|US5817126||17 Mar 1997||6 Oct 1998||Surface Genesis, Inc.||Compound stent|
|US5817152||30 May 1995||6 Oct 1998||Birdsall; Matthew||Connected stent apparatus|
|US5824059 *||5 Aug 1997||20 Oct 1998||Wijay; Bandula||Flexible stent|
|US5827321 *||7 Feb 1997||27 Oct 1998||Cornerstone Devices, Inc.||Non-Foreshortening intraluminal prosthesis|
|US5836966||22 May 1997||17 Nov 1998||Scimed Life Systems, Inc.||Variable expansion force stent|
|US5855600||1 Aug 1997||5 Jan 1999||Inflow Dynamics Inc.||Flexible implantable stent with composite design|
|US5861027||11 Sep 1996||19 Jan 1999||Variomed Ag||Stent for the transluminal implantation in hollow organs|
|US5868780||22 Mar 1996||9 Feb 1999||Lashinski; Robert D.||Stents for supporting lumens in living tissue|
|US5868783||16 Apr 1997||9 Feb 1999||Numed, Inc.||Intravascular stent with limited axial shrinkage|
|US5876448||13 Mar 1996||2 Mar 1999||Schneider (Usa) Inc.||Esophageal stent|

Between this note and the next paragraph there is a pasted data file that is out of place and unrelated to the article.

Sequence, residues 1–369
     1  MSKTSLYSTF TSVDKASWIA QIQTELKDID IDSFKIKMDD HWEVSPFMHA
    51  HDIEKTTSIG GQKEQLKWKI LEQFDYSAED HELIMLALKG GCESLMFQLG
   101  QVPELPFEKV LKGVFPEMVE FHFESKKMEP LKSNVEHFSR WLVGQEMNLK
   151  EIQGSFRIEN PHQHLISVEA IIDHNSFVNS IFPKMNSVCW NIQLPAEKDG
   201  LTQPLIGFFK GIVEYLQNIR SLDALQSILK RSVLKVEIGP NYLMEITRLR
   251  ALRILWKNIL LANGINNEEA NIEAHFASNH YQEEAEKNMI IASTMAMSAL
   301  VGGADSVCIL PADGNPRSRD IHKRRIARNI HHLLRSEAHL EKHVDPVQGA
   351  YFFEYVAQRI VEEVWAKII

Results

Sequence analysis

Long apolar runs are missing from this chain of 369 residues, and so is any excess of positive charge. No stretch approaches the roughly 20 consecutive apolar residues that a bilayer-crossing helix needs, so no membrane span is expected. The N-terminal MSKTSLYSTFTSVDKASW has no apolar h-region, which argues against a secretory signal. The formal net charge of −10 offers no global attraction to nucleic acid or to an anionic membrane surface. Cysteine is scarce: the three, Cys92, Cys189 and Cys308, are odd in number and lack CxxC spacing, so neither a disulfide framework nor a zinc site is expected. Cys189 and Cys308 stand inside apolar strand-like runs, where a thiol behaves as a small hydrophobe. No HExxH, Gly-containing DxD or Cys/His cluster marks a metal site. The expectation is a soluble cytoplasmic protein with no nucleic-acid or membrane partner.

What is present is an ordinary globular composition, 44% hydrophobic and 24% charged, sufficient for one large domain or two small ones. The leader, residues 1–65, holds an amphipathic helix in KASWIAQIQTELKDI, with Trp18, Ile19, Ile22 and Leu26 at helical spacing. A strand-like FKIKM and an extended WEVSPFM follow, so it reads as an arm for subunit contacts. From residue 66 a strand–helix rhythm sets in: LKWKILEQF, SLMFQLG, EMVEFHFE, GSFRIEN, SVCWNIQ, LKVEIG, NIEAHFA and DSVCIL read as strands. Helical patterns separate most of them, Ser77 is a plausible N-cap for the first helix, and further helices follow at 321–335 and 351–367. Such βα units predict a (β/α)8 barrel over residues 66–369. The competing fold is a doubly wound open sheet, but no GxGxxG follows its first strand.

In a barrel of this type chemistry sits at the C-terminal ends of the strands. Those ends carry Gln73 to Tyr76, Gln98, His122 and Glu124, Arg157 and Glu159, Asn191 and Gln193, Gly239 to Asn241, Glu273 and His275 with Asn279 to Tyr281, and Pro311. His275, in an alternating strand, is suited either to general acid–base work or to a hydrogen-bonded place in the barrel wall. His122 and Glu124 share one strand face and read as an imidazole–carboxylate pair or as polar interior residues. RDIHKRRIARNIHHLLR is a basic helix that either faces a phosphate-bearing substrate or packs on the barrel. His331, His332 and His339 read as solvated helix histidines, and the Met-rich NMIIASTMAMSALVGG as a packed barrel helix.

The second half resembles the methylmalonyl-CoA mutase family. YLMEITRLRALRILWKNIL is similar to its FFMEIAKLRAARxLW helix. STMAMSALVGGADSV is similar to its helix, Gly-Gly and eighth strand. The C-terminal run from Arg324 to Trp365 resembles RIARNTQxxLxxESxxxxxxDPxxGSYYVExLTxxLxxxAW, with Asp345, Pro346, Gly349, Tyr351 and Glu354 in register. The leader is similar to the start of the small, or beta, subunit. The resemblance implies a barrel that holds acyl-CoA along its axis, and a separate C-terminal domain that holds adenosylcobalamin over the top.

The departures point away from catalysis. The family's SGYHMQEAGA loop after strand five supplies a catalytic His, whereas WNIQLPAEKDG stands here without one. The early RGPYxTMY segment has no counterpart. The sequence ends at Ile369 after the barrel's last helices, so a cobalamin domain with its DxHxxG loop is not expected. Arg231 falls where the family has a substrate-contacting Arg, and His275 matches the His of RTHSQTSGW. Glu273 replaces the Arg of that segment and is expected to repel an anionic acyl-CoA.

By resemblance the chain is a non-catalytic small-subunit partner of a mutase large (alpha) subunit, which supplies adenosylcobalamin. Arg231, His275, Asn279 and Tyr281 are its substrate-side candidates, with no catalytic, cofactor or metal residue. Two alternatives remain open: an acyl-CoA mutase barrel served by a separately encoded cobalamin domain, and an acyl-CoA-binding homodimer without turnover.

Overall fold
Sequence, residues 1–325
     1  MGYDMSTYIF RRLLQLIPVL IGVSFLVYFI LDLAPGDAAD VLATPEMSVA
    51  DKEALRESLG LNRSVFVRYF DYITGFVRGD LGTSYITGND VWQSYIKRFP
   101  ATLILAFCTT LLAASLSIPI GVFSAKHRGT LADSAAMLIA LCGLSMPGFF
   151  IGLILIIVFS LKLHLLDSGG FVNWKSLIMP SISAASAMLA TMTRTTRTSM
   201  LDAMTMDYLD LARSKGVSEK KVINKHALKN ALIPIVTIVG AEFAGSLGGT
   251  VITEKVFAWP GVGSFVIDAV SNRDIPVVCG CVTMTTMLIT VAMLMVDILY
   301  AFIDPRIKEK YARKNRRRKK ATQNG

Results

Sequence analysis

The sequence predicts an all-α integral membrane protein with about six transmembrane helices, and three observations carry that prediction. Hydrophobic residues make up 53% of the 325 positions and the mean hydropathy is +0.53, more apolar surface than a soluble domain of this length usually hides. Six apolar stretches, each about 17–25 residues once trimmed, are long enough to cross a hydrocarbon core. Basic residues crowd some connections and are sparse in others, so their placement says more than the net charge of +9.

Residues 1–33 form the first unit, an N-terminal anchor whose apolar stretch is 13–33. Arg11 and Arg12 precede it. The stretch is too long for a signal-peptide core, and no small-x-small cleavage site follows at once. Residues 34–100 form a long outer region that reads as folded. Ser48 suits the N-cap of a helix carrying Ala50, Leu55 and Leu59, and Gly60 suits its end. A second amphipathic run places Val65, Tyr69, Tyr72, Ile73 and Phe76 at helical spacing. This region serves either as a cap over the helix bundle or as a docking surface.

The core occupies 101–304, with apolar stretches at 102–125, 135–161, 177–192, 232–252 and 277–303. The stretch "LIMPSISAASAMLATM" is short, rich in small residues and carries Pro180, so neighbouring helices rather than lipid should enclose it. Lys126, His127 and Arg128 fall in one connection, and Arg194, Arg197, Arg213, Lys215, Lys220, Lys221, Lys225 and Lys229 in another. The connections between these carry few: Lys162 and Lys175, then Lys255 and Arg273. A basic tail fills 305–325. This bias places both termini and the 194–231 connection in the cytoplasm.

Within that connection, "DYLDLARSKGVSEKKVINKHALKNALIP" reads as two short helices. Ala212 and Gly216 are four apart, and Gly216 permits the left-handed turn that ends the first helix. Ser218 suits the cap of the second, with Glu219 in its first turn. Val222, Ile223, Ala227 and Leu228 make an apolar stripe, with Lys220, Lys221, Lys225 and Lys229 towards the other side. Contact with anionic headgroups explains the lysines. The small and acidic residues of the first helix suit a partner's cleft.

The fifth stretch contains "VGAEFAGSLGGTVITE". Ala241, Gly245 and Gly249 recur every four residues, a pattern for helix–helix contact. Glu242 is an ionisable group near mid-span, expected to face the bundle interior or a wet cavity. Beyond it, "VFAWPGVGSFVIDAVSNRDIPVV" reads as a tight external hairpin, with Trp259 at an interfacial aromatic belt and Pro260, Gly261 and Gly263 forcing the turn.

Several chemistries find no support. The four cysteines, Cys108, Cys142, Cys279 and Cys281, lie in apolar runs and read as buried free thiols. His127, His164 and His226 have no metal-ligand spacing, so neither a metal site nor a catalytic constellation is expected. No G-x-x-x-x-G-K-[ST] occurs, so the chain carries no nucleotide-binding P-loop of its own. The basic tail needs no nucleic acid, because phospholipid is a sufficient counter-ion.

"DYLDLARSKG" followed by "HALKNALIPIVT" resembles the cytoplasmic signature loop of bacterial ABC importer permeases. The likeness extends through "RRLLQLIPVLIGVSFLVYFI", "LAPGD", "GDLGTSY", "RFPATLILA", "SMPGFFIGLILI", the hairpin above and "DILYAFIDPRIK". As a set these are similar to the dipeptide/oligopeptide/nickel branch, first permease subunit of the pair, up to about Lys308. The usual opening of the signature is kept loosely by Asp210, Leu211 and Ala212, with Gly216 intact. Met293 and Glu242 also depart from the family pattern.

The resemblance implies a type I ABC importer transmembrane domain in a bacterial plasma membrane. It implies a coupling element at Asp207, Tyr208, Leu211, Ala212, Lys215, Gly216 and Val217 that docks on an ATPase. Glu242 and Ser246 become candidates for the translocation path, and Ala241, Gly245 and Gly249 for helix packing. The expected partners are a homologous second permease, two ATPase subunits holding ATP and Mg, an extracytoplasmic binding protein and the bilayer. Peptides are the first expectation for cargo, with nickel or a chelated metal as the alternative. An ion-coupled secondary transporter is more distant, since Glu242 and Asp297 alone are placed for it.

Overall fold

|US5902317||19 Aug 1997||11 May 1999||Nitinol Medical Technologies, Inc.||Stent and method and apparatus for forming and delivering the same|
|US5913895||2 Jun 1997||22 Jun 1999||Isostent, Inc.||Intravascular stent with enhanced rigidity strut members|
|US5922019||29 Dec 1995||13 Jul 1999||Schneider (Europe) A.G.||Conical stent|
|US5938697 *||4 Mar 1998||17 Aug 1999||Scimed Life Systems, Inc.||Stent having variable properties|
|US5980552 *||4 Dec 1996||9 Nov 1999||Medinol Ltd.||Articulated stent|
|US6017365 *||20 May 1998||25 Jan 2000||Jomed Implantate Gmbh||Coronary stent|
|US6019789||1 Apr 1998||1 Feb 2000||Quanam Medical Corporation||Expandable unit cell and intraluminal stent|
|US6022371 *||21 Jul 1998||8 Feb 2000||Scimed Life Systems, Inc.||Locking stent|
|US6027526 *||3 Oct 1997||22 Feb 2000||Advanced Cardiovascular Systems, Inc.||Stent having varied amounts of structural strength along its length|
|US6068656||15 May 1998||30 May 2000||Jomed Implantate Gmbh||Coronary stent|
|US6071298||21 Dec 1998||6 Jun 2000||Arterial Vascular Engineering Inc.||Stents for supporting lumens in living tissue|
|US6106548 *||26 Oct 1998||22 Aug 2000||Endosystems Llc||Non-foreshortening intraluminal prosthesis|
|US6129754||11 Dec 1997||10 Oct 2000||Uni-Cath Inc.||Stent for vessel with branch|
|US6132461 *||29 Apr 1998||17 Oct 2000||Intratherapeutics, Inc.||Stent with dual support structure|